So the final video has been made and uploaded. It’s time to look back on it and reflect.
I set out to examine current Visual Arts unit of inquiry and redesign it, ensuring when rebuilding it I utilise my new understanding of technology integration and use. My initial goal was to take an art unit involving hand drawn animation and rework it to use digital tools to create an animation. The tool that I decided to use was Scratch Jr,as I love it ease of use and the professional finish it gives each project. This is an attribute that makes this program so attractive to children.
As this was my original goal I must ask the question did I meet it? Well the answer is yes and no. Yes all the students created a great little animation retelling a story, but I am not sure that I made enough of a comparison between the original UOI of creating a flick book and this unit that required the students to use Scratch Jr. I really wanted the student to make the connection between traditional forms of art and digital forms of art – I just don’t this that I help the students make this connection.
As I started the unit the original plan seemed somewhat ambitious:
- Learn how to use scratch
- Retell a traditional or well known story through the use of Scratch Jr
- Use a story the students used to create a storyboard
- Use Scratch Jr to animate this story.
Seems pretty simple? 4 easy steps? Well no, I totally underestimated how long it would take the students to retell the traditional story of the Three Billy Goats Gruff. We actually managed to sequence the series of events in the story, use them to create a storyboard and then recreate and retell the story.
I was so surprised at how difficult the student found it to predict the blocks that they could use to retell the story. Making the connections between the concrete and the abstract was ver near impossible for some students. Therefore to get around this stumbling block I allowed the students to write their storyboard one scene at a time, after they were sure that the last scene made sense. It was interesting that, in my opinion, this was one of the hardest aspects of the unit and when the student completed their reflections at the end of the unit they also said that they need help with this aspect.
Again I found this difficult to predict as the students had worked very successfully on a ‘reverse engineering’ task, where they had to predict the blocks they would use to complete a task:
This is definitely and area that, if I were to do this again, I would give more time to before I continued.
It was gratifying to hear that the students like using Scratch because ‘it wasn’t really like writing a story, it was like playing a game’. I also enjoyed watching student who, under different circumstances, really struggled with writing find it so easy to express themselves through the use of the voice recording. Just taking the secretarial aspect of retelling a story through the traditional means of pencil and paper demonstrated how often we are assessing our students abilities to write and not their understanding of how a story is constructed or retold – this task was very far removed from the traditional pencil and paper approach to literacy. In addition to this, the student were not held back by their artist abilities. I felt that the application had a built in differentiation tool. For the students who wanted to write they could use the speech bubble block, for the students who were stronger vocally they could record their voices. For student who enjoyed drawing they could create their own characters and background and for those who found this difficult they could use the stock images provided by Scratch.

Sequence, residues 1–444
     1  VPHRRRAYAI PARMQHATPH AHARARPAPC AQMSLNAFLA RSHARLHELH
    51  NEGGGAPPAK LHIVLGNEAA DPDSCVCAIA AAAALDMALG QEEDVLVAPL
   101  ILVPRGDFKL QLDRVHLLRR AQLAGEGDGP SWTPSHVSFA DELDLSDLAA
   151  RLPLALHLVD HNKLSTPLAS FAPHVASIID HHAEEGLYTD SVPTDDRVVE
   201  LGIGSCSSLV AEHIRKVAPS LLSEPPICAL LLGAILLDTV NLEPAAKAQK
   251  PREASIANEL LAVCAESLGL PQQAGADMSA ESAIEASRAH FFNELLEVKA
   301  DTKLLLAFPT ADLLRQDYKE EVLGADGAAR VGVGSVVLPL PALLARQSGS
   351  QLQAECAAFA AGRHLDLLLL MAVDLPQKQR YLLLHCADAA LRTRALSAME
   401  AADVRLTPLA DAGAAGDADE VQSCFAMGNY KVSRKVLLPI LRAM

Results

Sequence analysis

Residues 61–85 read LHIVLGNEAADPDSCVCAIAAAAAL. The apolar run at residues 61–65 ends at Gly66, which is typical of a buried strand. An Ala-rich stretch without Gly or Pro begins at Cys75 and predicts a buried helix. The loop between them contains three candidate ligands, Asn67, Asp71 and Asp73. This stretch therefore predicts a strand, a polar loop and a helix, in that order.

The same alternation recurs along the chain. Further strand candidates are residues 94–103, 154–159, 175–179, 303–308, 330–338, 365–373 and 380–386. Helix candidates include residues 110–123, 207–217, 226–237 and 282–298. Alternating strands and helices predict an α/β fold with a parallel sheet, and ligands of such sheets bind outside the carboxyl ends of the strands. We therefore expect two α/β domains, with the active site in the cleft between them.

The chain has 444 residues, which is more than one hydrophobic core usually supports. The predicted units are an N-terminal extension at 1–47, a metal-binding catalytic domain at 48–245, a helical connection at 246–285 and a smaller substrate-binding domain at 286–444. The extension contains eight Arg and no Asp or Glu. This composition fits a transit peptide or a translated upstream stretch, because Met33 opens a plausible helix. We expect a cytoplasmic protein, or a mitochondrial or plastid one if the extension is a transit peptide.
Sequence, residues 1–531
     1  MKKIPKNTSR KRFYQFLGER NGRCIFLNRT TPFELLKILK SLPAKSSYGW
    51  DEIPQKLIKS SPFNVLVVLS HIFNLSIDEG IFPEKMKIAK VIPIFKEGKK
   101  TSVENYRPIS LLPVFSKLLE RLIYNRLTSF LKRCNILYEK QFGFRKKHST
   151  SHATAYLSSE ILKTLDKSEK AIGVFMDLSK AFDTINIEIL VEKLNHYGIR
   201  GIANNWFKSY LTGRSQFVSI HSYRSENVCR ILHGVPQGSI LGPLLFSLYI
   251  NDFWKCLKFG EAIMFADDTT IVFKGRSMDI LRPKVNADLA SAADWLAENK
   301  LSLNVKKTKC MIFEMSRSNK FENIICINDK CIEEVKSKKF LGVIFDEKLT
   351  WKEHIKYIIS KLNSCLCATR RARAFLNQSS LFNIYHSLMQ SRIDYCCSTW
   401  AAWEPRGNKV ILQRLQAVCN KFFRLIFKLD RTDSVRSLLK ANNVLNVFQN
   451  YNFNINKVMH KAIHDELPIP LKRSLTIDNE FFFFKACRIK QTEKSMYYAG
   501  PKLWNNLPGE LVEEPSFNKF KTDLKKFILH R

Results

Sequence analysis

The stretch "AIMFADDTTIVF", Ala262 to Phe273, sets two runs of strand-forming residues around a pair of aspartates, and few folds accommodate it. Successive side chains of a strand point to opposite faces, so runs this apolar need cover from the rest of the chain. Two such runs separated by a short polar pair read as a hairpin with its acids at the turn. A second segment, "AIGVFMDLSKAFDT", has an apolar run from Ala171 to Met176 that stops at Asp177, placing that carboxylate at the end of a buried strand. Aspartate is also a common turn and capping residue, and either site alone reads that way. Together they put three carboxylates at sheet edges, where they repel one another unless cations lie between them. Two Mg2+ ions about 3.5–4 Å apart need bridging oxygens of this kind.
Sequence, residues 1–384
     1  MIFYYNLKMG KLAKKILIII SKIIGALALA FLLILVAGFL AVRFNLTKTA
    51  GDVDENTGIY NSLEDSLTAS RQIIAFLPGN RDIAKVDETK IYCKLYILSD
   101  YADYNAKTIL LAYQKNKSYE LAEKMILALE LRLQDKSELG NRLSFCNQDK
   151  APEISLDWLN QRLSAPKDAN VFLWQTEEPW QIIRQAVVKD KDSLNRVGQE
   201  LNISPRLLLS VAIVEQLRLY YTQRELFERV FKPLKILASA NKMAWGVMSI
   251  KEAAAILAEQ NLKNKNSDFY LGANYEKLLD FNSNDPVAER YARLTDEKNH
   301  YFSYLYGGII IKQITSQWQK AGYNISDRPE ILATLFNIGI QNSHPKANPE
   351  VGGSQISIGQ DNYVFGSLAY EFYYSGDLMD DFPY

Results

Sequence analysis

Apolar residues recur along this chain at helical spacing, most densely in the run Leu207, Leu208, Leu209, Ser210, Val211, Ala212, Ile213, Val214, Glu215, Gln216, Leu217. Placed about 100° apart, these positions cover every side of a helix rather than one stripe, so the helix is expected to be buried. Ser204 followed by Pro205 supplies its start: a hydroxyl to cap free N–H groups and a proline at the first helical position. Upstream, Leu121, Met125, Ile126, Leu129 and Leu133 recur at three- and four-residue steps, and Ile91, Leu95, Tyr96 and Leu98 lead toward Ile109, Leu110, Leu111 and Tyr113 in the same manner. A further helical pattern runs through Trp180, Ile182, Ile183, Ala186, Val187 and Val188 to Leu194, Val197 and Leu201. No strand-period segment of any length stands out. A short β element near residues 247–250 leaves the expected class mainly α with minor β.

Throughout the unit I really enjoyed watching the students help one another. Around the halfway mark we had a new student join the class. One other student decided that she would find it difficult to catch up and so stood with her during one lesson and explained how you ‘write sentences in Scratch’. It was at this moment that I realised that the students were really making connections to their class work and that Scratch was making sense to them. This was a great moment as I felt that at least one of my goals had been met.
Overall, I am not sure that I met all aspects of my goals however this was really a worth while experience for my students and a great introduction to the world of programming. This project definitely put a new spin on an old unit. In reflection, where did my project sit within the SAMR model? I’d have to say somewhere between Modification and Redefinition. The animations could, certainly, have been created without the use of technology. However, the final animations produced were of a very high standard. The students were free to create without their artistic abilities holding them back, therefore the unit was redefined as the ” technology allowed for new tasks that were previously inconceivable.” (Technology is Learning)
throughout this unit the students could created the animations to a very high standard without their artistic abilities holding them back.
Finally, the greatest lesson that I will take away from this course… That’s a hard one, as there were so many different lessons. I guess overall it is to use as many different lenses as possible to examine your practices. Go back and think about your lessons from different angles. I really believe that the ability to do this has benefited my learners and has injected a new lease of life to many of my old lessons.
Here are our final completed projects:
Grade 1w final Scratch Jr animations
Grade 1G final Scratch Jr animations
These are my Ideas for each section of the video, based on the COETAIL objects detail in the Course 5 materials:
Enjoy my final presentation: